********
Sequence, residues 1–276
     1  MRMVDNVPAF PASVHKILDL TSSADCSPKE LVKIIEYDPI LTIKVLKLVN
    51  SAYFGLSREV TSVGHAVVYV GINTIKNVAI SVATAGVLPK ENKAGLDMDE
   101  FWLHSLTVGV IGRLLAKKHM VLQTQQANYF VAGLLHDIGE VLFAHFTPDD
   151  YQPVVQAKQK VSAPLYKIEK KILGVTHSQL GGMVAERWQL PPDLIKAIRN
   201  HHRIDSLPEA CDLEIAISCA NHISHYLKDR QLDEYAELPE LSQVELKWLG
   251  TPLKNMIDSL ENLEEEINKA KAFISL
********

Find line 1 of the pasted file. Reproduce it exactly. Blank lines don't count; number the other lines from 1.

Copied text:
Sequence, residues 1–276